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People v. Burch

NEW YORK SUPREME COURT, APPELLATE DIVISION, FIRST DEPARTMENT


February 19, 2009

THE PEOPLE OF THE STATE OF NEW YORK, RESPONDENT,
v.
HARRISON BURCH, DEFENDANT-APPELLANT.

Judgment, Supreme Court, New York County (Charles H. Solomon, J. at summary denial of Dunaway hearing; Michael A. Corriero, J. at jury trial and sentence), rendered October 10, 2007, convicting defendant of attempted assault in the second degree, criminal possession of a weapon in the third degree and petit larceny, and sentencing him, as a second felony offender, to an aggregate term of 2 to 4 years, unanimously affirmed.

Published by New York State Law Reporting Bureau pursuant to Judiciary Law § 431.

This opinion is uncorrected and subject to revision before publication in the Official Reports.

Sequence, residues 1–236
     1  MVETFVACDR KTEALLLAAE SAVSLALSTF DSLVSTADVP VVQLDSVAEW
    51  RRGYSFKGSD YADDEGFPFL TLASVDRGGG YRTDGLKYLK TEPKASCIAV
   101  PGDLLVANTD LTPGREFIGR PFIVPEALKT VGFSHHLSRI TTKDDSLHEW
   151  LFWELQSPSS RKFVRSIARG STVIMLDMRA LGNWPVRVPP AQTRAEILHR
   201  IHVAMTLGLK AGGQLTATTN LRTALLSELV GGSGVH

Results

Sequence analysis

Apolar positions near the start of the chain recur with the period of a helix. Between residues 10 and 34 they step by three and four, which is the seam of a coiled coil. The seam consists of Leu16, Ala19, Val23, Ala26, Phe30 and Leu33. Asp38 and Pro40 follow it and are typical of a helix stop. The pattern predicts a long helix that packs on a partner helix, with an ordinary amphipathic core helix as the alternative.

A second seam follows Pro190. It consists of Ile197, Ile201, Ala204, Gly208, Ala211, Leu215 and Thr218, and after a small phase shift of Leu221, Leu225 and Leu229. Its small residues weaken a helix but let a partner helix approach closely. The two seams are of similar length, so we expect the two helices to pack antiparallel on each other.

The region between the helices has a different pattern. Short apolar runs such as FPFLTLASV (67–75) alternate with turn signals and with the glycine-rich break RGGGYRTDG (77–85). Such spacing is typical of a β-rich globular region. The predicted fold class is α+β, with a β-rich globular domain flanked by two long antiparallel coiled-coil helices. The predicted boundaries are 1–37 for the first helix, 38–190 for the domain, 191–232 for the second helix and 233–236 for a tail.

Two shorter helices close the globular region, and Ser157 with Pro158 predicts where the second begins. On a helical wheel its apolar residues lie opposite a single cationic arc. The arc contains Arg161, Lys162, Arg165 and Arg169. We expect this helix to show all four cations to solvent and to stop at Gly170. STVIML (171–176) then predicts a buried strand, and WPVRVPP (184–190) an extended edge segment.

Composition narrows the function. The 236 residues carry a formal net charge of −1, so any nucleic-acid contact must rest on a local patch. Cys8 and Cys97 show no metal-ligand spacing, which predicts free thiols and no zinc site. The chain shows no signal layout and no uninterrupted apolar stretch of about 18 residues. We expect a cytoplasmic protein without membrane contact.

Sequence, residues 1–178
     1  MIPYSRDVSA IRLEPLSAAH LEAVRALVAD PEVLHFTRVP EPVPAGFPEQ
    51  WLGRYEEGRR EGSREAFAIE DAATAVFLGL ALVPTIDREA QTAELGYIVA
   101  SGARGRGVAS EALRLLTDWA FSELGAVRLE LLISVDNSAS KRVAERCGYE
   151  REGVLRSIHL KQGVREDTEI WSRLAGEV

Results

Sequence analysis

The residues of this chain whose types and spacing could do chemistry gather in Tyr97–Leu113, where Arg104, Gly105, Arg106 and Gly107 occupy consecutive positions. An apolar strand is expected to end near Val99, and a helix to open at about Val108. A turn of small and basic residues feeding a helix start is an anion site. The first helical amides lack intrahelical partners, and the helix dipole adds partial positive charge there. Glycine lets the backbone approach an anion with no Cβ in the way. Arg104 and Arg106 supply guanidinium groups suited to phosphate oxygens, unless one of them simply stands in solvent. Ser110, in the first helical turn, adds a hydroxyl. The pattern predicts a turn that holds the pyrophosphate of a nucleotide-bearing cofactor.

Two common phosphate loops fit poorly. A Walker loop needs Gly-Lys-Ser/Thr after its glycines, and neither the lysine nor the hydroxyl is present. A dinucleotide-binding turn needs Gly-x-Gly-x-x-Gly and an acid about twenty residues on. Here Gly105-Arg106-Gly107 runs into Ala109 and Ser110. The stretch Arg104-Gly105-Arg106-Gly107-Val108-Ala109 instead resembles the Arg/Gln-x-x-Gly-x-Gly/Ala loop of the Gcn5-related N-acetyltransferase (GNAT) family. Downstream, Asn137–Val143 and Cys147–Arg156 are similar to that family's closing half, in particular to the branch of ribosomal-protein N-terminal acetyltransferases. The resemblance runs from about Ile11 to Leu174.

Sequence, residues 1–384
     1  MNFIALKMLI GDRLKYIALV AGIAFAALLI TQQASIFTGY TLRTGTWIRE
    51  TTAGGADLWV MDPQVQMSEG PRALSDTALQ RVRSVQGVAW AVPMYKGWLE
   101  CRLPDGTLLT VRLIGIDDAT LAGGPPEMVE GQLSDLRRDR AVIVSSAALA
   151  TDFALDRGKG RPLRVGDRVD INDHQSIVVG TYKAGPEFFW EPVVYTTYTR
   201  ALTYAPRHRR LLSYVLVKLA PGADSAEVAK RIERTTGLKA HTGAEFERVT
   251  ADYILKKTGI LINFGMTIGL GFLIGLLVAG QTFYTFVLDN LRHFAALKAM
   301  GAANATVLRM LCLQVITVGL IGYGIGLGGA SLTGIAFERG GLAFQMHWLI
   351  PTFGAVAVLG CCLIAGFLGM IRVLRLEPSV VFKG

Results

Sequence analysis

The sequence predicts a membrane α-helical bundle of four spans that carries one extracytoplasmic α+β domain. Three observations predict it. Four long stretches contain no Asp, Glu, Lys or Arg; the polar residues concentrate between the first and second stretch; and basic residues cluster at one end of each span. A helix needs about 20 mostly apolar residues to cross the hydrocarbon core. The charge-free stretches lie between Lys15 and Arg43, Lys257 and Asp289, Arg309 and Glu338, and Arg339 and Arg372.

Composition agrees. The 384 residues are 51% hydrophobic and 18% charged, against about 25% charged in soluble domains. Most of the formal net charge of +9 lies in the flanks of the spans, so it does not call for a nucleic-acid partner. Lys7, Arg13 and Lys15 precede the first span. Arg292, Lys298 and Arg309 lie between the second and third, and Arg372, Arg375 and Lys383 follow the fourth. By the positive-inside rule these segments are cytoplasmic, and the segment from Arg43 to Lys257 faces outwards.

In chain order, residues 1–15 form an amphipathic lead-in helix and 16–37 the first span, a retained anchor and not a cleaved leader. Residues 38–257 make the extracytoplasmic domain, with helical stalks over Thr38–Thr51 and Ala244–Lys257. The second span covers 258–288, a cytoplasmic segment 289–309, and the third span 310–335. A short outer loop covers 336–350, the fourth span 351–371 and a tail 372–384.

Mazzarelli, J.P., Friedman, Gonzalez, Catterson, Renwick, JJ.

4249/06

Summary denial of defendant's motion for a Dunaway hearing was proper since defendant's allegations failed to raise a legal basis for suppression (see People v Lopez, 5 NY3d 753 [2005]; People v Mendoza, 82 NY2d 415 [1993]). Defendant was fully aware that his arrest was based on the complaint of a citizen victim regarding an incident that occurred prior to his arrest, and his denials of any wrongdoing at the time of his arrest did not identify any Fourth Amendment issue to be resolved at a hearing (see People v Roldan, 37 AD3d 300 [2007], lv denied 9 NY3d 850 [2007]). This was not a case where "[b]ased upon . . . meager information, defendant could do little but deny participation in the [crime]" (People v Hightower, 85 NY2d 988, 990 [1995]). In any event, defendant did not even explicitly deny committing the crime.

The verdict was not against the weight of the evidence (see People v Danielson, 9 NY3d 342, 348-349 [2007]). There is no basis for disturbing the jury's determinations concerning credibility.

THIS CONSTITUTES THE DECISION AND ORDER OF THE SUPREME COURT, APPELLATE DIVISION, FIRST DEPARTMENT.

20090219

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